“She was equally cordial and affectionate towards all, especially towards the poor, whom she assisted in secret to bear their heavy burdens of want or sickness in many an unknown way. She possessed a singular gift of comforting, as I myself often experienced, for she awakened within me confidence in God and the long unused habit of prayer, and thus enabled me to shake off many a load of carking care which had hitherto weighed me to the ground. Her soul, entirely detached from creatures, lived entirely in God, and never was separated from Him, in spite of the distractions she experienced from all sides, from men and women of all ranks and classes pouring their burden of woe into her ear, seeking comfort and counsel, which they never sought in vain.

“With a smiling countenance and sweet words she would bid me be patient and of good courage. ‘God is infinitely merciful,’ she would say, ‘and whoever is humble and penitent before Him finds pardon and grace.’ She always earnestly besought me to help the poor, as that was a peculiarly pleasing work to offer to God.

“Whenever an opportunity presented itself she eloquently discoursed upon the incomparable happiness of belonging to the Catholic Church. ‘Let us trust in God,’ she loved to say, ‘and hold fast to our faith. What can there be of greater comfort upon earth? What religion, what philosophy can replace it? I pity the Jews above all others, for their religion is nothing more than a legend of their rabbis, and the curse of the Lord rests upon them. But oh! how good the Lord is when we hold fast to the right way! How he comes to meet us halfway if we have but a goodwill! and how far do His outpourings of grace surpass our poor endeavours and requests!’

“Once when the conversation turned upon prayer, I said that I was quite aware that true prayer consisted in faithful fufilment of one’s duty, and in the exercise of mutual charity, but that I could not understand how she could remain for hours together in prayer, forgetting all around her, entirely lost in God, when she replied: ‘Just think for a moment whether it is not possible that you should be so deeply interested in the reading of some beautiful book as to forget all that is going on around you? Well then, is it astonishing that when one is talking with God Himself, who is the source of all beauty, one should entirely forget oneself? Begin, once for all, with humble adoration of Him, and you will find the same happen with yourself.’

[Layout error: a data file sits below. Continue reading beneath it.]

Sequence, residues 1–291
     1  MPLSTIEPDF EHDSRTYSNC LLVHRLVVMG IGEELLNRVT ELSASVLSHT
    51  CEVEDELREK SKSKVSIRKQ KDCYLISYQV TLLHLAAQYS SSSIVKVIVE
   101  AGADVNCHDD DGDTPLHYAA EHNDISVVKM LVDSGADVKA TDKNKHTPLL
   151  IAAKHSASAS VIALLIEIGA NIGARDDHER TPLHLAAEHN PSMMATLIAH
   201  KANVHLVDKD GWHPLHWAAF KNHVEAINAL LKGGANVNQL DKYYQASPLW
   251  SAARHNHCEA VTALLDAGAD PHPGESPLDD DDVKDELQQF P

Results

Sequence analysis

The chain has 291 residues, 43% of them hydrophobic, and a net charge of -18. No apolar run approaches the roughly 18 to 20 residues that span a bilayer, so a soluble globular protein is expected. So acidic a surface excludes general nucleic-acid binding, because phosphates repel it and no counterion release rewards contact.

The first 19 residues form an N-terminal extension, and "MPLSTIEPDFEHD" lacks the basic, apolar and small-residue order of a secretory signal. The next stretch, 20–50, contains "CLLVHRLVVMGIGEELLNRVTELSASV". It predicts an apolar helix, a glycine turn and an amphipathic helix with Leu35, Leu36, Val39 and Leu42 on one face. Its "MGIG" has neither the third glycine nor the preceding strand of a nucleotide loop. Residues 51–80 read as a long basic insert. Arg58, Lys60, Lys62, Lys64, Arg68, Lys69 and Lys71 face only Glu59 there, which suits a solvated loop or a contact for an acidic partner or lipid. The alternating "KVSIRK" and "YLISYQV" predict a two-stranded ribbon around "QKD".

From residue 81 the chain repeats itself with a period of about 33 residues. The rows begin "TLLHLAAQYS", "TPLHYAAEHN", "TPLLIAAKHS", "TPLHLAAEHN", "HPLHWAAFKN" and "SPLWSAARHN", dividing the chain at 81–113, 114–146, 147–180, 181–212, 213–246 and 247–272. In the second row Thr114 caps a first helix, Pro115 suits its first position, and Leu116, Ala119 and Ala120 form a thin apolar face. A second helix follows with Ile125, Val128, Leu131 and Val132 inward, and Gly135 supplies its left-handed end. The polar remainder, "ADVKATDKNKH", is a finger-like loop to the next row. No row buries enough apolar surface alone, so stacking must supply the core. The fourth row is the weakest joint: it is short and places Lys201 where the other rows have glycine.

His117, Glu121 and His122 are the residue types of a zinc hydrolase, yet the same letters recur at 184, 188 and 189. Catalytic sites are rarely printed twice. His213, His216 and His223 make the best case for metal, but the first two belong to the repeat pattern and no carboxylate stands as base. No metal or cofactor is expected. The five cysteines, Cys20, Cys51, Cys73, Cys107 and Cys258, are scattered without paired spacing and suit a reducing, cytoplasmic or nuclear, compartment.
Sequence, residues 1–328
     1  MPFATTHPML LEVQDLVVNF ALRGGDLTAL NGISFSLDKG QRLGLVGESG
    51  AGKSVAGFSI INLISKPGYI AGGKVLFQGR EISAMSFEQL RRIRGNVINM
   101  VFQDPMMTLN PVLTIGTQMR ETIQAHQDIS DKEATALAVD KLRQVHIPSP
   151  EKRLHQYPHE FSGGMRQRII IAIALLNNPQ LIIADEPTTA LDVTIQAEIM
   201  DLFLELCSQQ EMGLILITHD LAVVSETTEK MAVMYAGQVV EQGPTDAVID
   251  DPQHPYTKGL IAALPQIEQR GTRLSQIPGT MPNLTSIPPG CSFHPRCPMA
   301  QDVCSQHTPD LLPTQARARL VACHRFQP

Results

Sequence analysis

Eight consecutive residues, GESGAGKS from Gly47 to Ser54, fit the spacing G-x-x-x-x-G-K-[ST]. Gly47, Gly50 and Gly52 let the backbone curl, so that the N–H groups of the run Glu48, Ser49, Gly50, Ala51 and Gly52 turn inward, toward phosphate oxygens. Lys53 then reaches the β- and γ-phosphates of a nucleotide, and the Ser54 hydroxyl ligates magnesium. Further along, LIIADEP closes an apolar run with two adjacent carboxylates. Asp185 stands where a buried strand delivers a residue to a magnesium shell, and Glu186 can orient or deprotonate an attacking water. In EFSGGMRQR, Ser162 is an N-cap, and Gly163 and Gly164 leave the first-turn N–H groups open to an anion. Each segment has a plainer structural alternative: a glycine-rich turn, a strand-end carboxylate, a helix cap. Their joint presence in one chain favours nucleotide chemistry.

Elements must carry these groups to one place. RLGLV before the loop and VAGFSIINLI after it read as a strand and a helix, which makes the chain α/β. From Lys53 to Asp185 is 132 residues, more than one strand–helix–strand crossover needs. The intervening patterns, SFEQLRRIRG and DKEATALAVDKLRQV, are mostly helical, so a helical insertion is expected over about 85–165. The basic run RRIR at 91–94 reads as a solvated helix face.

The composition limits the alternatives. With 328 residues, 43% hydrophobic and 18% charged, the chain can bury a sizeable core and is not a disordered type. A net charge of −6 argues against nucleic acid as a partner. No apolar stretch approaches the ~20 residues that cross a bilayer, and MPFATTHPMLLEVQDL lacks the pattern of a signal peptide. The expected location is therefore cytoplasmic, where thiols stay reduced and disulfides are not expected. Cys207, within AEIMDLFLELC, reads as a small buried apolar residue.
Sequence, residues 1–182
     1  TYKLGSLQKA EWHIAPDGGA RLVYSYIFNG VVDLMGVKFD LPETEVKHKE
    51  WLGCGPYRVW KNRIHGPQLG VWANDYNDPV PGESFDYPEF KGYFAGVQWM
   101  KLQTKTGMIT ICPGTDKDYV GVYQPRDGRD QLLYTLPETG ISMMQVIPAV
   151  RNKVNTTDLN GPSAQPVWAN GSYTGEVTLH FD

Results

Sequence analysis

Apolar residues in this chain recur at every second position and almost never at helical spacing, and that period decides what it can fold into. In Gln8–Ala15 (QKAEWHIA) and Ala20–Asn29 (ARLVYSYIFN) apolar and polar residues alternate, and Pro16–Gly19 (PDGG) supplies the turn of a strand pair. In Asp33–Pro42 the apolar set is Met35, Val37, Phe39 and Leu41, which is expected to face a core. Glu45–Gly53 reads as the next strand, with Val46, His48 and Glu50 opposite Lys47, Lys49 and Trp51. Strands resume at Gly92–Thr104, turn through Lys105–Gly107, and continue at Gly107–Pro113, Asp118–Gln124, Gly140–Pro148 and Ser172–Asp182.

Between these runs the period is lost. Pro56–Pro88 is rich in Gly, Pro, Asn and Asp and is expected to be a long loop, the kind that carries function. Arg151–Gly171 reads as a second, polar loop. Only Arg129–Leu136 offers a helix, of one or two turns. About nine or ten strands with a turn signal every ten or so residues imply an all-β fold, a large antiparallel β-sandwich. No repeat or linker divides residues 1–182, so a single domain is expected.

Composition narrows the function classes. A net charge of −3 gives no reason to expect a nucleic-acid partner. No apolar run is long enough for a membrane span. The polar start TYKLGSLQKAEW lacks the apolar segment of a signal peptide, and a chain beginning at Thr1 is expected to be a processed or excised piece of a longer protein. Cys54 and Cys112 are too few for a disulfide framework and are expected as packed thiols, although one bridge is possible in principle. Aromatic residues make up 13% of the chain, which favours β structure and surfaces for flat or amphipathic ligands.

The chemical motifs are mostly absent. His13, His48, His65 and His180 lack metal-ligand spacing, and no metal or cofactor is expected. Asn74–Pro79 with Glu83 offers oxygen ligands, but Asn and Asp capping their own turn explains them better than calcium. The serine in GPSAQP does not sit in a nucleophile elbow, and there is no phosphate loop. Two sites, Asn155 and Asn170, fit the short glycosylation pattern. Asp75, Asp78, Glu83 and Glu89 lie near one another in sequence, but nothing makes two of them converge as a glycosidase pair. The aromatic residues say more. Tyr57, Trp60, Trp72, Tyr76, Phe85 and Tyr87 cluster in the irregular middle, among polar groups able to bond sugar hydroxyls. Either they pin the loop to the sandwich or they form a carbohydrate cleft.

“I again answered her, suggesting the hindrances which men have to endure from the enemy of souls, upon which she said, ‘it is true, the devil seeks to drive men away from prayer, and the more in earnest they are, the harder are his attacks. I was once shown an occasion of the sort. I found myself in a beautiful church, and saw three women praying, and behind them a horrible object. This figure whispered flatteries into the ear of the first of these women, who gradually fell asleep. It then went on to the second, and sought to put her to sleep, but did not entirely succeed. The third woman, however, was so beaten and bruised by the figure that I felt great pity for her, and asked my guide what this meant, when he made reply, “This is an allegory of prayer. The first woman was devoid of zeal and earnestness, and therefore the devil soon put her to sleep. The second was better, but was lukewarm; the third was good, and her prayer fervent, therefore her temptation was more violent, and nevertheless was successfully overcome.”

“ ‘The prayers that are peculiarly acceptable to God are those for others, and especially for the holy souls. Pray for them, and you will be putting your money out at good interest. As for myself I offer my whole self to God, and pray, “Lord do with me as Thou wiliest.” Then I go on safely, for I know my good loving Father can only show good things and mercifulness to me.’ She then went on to describe in burning words the woes of those in Purgatory, their pain of loss, and the forgetfulness of their sufferings, too common amongst men. I asked her also, why men were ever created, when she made answer, ‘God made men for His own glory and for our happiness. When the angels fell He determined to create men, in order to fill up the empty ranks of those legions; and when the number of these is complete, the end of the world will come.’ With amazement I enquired whence she knew this, and she answered, ‘she knew it, but how she could not describe.’